DIED: 23 February 1672/3, Rocky Nook, Kingston, MA
MARRIED: Elizabeth Tilley, daughter of John and Joan (Hurst)(Rogers)
Tilley of the Mayflower, bef. 1625
* The traditional date that has been ascribed to John Howland's birth is "about 1592", and this date has
not been questioned, even in scholarly publications. I believe,
however, that this date is significantly faulty for the following
John Howland's wife was born in 1607, and it seems difficult to
imagine having a first wife that is 15 years younger.
Most men married first between the ages of 21 and 25. John Howland
was married about 1624. This would put his birth range at 1599-1603.
A first marriage at age 32 is most unlikely.
John Howland is called a "manservant" in William Bradford's passenger
list, suggesting he was an apprentice in 1620. Apprentices (servants)
were almost always under 25 years old, meaning Howland must have
been born after 1595.
John Howland's last child was born in 1649. If the 1592 date is
accepted, he would have been 57 years old, an unlikely condition.
William Bradford writes in that John Howland was a "lusty young man"
in 1620. It is unlikely that Bradford would call a 28-year old a
John Howland signed the Mayflower Compact, and to do so he would have
had to be at least 18 years old, and probably 21. This means he was
at least born before 1602.
THE FOLLOWING IS AN EXCERPT
OF JOHN HOWLAND'S MISHAP AT SEA
AS RECORDED BY GOVERNOR WILLIAM BRADFORD:
"So they committed themselves to the will of God, and resolved
to proceed. In sundry of these storms the winds were so fierce, and
the seas so high, as they could not bear a knot of sail, but were
forced to hull, for divers days together. And in one of them, as
they thus lay at hull, in a mighty storm, a lusty young man (called
John Howland) coming upon some occasion above the gratings, was, with
a seele of the ship thrown into the sea; but it pleased God that he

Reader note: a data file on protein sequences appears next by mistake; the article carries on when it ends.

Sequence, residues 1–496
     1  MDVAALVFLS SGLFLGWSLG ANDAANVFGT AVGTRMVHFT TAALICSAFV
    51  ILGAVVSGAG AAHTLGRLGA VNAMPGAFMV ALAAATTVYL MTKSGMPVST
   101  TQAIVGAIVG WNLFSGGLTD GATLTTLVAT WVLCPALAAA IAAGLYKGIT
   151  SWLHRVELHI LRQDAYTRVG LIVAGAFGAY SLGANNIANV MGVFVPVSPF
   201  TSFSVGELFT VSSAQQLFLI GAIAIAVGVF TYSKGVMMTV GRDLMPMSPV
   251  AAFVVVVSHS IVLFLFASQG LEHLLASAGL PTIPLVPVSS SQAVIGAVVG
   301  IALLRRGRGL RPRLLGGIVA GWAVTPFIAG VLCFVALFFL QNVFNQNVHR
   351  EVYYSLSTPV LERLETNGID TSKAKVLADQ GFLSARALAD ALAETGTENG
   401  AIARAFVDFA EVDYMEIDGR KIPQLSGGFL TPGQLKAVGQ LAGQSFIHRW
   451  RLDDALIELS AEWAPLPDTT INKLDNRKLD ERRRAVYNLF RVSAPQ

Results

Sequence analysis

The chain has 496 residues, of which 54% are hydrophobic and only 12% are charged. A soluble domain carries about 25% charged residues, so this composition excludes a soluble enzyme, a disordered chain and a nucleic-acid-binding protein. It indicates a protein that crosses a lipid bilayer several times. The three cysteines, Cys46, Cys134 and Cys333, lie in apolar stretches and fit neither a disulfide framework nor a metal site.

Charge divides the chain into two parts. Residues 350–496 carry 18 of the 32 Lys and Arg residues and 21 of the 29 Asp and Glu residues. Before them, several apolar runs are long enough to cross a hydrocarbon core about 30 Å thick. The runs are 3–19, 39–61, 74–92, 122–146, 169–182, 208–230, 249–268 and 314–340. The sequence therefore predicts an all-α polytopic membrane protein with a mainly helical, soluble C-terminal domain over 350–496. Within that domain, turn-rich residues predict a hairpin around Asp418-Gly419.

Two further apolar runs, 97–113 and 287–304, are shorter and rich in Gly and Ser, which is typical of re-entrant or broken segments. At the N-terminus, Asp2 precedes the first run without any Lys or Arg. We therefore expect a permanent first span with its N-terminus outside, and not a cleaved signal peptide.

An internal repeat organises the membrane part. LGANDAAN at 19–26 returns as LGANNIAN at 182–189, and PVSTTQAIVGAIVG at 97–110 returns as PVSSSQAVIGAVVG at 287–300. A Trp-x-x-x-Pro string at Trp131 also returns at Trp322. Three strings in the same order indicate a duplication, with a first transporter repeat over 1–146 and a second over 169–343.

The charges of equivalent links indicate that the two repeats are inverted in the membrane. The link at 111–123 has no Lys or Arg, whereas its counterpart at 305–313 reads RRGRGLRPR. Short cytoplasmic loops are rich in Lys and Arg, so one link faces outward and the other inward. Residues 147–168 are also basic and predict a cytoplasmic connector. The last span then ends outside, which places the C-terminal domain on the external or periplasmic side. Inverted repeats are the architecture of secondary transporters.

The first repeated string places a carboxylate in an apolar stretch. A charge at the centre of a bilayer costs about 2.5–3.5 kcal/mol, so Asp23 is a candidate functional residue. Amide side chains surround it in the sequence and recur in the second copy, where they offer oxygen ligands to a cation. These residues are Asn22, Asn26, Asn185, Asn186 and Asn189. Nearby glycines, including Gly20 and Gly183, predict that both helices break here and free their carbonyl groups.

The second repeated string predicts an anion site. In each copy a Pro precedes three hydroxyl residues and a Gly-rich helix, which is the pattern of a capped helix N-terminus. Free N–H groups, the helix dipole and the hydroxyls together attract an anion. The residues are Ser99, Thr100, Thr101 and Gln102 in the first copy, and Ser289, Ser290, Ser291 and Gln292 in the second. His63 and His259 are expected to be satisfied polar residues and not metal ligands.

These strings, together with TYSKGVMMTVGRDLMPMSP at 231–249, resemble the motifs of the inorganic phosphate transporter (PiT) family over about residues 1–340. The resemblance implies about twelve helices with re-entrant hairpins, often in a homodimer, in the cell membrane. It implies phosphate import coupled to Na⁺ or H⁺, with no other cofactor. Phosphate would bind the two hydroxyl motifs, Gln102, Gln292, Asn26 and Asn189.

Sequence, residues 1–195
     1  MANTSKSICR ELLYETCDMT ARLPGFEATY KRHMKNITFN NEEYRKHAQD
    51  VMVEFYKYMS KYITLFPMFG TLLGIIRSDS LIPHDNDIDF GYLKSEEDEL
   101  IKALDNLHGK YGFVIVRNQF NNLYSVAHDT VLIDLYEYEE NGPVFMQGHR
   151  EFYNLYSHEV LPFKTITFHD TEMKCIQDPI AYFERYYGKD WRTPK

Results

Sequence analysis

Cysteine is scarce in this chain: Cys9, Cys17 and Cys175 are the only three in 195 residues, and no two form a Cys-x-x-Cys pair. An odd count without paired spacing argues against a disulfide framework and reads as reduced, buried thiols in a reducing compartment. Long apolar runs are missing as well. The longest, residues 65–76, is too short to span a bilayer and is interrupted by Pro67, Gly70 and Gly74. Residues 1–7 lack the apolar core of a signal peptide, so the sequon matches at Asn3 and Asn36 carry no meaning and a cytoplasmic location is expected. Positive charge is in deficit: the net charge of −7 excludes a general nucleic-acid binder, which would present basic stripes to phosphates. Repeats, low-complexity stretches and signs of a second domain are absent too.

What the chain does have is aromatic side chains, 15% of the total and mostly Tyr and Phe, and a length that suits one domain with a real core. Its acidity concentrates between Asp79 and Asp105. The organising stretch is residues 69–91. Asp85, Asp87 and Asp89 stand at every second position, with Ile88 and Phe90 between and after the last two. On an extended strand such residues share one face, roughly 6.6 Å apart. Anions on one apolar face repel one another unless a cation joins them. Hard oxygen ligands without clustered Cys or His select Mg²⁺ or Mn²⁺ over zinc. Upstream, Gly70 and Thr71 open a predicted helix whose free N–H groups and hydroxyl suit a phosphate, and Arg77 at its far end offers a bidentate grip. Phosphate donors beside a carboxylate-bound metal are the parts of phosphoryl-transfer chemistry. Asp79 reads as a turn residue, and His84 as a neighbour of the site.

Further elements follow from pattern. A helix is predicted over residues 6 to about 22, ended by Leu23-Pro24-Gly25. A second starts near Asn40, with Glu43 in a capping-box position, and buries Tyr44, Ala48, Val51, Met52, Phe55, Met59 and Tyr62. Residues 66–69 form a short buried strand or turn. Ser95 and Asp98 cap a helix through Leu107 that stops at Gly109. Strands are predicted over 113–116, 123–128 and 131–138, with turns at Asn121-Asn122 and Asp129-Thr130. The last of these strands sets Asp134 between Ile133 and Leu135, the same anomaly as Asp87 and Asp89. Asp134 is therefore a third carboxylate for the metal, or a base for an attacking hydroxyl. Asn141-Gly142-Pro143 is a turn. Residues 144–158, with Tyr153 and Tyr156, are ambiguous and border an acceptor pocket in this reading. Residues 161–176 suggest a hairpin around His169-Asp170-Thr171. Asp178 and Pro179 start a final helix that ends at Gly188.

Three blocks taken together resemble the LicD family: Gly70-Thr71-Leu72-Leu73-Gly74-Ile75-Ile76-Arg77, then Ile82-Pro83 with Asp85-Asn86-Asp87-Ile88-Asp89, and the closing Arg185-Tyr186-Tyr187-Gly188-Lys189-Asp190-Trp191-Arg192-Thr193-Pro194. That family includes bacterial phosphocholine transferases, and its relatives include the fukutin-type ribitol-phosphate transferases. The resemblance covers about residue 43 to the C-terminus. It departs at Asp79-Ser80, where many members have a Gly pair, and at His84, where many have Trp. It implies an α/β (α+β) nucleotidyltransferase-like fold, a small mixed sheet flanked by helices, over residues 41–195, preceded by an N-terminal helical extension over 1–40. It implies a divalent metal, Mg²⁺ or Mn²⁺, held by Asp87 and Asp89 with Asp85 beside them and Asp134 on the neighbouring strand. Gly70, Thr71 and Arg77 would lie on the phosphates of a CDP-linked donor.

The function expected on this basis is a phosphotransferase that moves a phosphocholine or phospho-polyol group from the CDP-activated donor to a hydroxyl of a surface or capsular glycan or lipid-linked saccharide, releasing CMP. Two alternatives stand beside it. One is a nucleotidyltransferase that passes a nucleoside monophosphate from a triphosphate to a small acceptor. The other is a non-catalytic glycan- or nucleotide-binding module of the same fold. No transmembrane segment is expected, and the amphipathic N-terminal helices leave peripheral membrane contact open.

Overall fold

caught hold of the topsail halyards, which hung overboard, and ran
out at length; yet he held his hold (though he was sundry fathoms
under water) till he was hauled up by the same rope to the brim of
the water, and then with a boat hook and other means got into the
ship again, and his life saved; and though he was something ill with
it, yet he lived many years after, and became a profitable member
both in church and commonwealth."
John was baptized in Benefield, Northamptonshire, England,
on 28 January 1620/1.
The Northamptonshire branch of the Gorhams are supposed to have
descended from Sir Hugh de Gorham and his wife, Margaret, daughter
of Sir William l'Angevin. Sir Hugh de Gorham, in 1281, possessed the
manor of Churchfield in the parish of Oundle, and land in Benefield
which had belonged to his wife's father. More than 300 years later,
the baptism of "John Gorram, son of Ralph Gorram" was entered in the
Benefield register. [collectanea 5:342-43]
A John Gorham, perhaps this man, was a passenger on board the
Philip, bound for North America, June 20,1635, with Richard Morgan,
master, [Otis, Barnstable Families 1:407]. A Ralph Gorham was granted land in Plymouth on October 2.1637 for a house and garden. On March 5, 1637/8, he complained against Frances Sprague. Ayear later, "Ralph Gorham the older" was presented for breaking the peace. On September 1,1640 he sued Tristam Clark and John Crab for debt, [Gorham MS 1:3-4:N.B. Shurtleff, Records of the Colony of New Plymouth, Court Orders 1:66, 118; Judicial Acts 7:8]. He then disappeared from the Plymouth records.
On March 8, 1648 Desire's father, John Howland, sold to his
"son-in-law, John Gorham," half of the lands in Marshfield that he
had bought from Governor William Bradford, [Shurtleff, Plymouth